Leinart practices with Texans, calls Arizona end 'unfortunate'

HOUSTON -- Matt Leinart walked into the Texans' locker room Wednesday with stubble on his face and a new playbook in his hand.

Released Saturday by the Arizona Cardinals, Leinart practiced with the Texans for the first time since agreeing to a one-year deal with the team Monday.

The 2004 Heisman Trophy winner will be the third-string quarterback when the Texans open the season Sunday against the Indianapolis Colts. It's a humbling fall from the high expectations that Leinart brought to the NFL after three spectacular seasons at USC.

Leinart calls his one guaranteed season in Houston a "new chapter," one he hopes will revive his NFL career.

"Obviously, the first four years, they didn't go the way you would hope and the way I hoped," he said. "I learned a lot as a quarterback and as a person. I had a chance to learn from Kurt Warner, who is one of the greatest quarterbacks to play. Now I get a chance to come here and learn from Matt (Schaub), who's become a pretty good quarterback in this league.

"It's unfortunate that it worked out like that over there (in Arizona). But like I said, this is a new chapter, this is a fresh start, a new offense. I'm just excited."

Leinart spent most of the day with quarterback coach Greg Knapp, receiving his first taste of the complex Houston offense that led the NFL in passing yards last season. Leinart threw an interception on a short route during practice, then threw a deeper pass that was on target but dropped.

Leinart said the Texans' offense is closer to what he learned in college than with the Cardinals. Some of Houston's offense is similar to what Arizona ran, but Leinart will have to memorize new terms for old plays.

"It's hard. It's not a position I've been in in awhile," he said. "There is just so much stuff, I'm trying to soak it in. In Arizona, we had a lot of the same concepts. The terminology and the words are just completely different. One word meant something there, and then the same word means something completely different here."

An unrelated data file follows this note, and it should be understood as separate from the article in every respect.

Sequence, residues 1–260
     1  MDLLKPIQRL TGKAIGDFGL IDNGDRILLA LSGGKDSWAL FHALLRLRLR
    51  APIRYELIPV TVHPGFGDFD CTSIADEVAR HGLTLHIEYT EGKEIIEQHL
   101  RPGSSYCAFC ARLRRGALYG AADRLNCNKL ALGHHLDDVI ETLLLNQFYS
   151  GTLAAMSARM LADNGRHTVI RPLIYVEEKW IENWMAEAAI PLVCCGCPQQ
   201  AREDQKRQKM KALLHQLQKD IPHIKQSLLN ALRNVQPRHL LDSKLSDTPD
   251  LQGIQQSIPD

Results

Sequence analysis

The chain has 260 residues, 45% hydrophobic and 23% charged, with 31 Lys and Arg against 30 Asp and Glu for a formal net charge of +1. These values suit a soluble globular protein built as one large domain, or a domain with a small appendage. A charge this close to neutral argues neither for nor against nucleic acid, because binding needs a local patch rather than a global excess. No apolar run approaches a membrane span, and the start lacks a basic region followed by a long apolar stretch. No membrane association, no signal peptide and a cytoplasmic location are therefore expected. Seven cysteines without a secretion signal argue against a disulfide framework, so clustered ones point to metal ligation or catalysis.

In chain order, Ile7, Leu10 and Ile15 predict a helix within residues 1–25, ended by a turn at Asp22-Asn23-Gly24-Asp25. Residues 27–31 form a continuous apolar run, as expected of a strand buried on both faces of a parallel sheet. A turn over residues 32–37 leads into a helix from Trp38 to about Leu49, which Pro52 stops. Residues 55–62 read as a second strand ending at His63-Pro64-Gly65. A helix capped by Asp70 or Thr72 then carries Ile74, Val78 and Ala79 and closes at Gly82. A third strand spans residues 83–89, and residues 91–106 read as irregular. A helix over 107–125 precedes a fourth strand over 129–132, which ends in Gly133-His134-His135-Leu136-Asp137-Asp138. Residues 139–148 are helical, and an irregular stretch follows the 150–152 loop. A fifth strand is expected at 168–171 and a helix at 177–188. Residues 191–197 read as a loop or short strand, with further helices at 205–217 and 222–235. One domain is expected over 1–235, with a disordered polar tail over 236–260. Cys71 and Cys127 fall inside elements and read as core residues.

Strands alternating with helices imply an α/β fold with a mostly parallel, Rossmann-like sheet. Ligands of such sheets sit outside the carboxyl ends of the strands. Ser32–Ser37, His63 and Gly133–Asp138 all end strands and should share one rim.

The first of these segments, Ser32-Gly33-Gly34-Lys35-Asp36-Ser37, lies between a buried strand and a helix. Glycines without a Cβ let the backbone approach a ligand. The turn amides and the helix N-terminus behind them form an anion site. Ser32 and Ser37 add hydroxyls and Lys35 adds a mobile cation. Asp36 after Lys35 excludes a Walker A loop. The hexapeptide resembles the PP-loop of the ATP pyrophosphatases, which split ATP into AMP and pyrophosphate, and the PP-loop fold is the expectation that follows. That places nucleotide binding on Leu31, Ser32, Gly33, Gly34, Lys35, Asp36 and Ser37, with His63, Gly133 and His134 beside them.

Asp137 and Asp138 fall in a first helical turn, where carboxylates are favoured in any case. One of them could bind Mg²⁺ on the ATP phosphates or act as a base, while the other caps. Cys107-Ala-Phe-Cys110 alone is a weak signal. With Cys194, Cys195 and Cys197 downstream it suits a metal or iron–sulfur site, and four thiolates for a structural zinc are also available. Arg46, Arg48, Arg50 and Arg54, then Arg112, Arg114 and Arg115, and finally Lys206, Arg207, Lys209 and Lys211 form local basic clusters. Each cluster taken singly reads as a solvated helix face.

Leinart led USC to two national championships and a third title game. He was taken 10th overall in the 2006 draft by the Cardinals and appeared in 12 games as a rookie under coach Dennis Green, throwing for 11 touchdowns and 12 interceptions. He broke his collarbone during the fifth game of the following season, Warner took over, and Leinart watched from the sideline over most of the next 2½ seasons.

Warner retired after the 2009 season, giving Leinart a chance to run the offense. But Leinart openly complained about his relationship with coach Ken Whisenhunt, Cleveland Browns castoff Derek Anderson won the job in training camp, and the Cardinals started shopping Leinart.

When the Cardinals couldn't find a good deal, they cut Leinart and saved themselves the $2.5 million he was due to make this season.

Leinart chose his words carefully when he talked about his final days in Arizona.

"The thing I've learned, especially the last couple of years, is control what you can control," he said. "I worked hard, I prepared hard for this season, this preseason. I thought I played well and had a good training camp. It just didn't go as planned. Coach (Whisenhunt) decided to go in a different direction. We had our differences, but I think we respect each other, and it was time to move on, obviously."

After he was cut, Leinart said he went to the beach in California and mulled offers from teams that showed interest in him. The Seattle Seahawks, now led by former USC coach Pete Carroll, were one of them, but Leinart said the team chose to go "in a different direction in their quarterbacks, as far as how many they were taking."

Leinart said the Texans presented the most ideal situation, although he isn't likely to see much action backing up Schaub and Dan Orlovsky.

"My goals are just to work as hard as I can, to pick it up and study as much as I can, and just be prepared to play if I'm ever called upon," he said. "That's the mindset of a quarterback, especially when you're not the starter. I just want to learn. I want to get better as a player."

Copyright 2010 by The Associated Press

This article has been reproduced in a new format and may be missing content or contain faulty links. Please use the Contact Us link in our site footer to report an issue.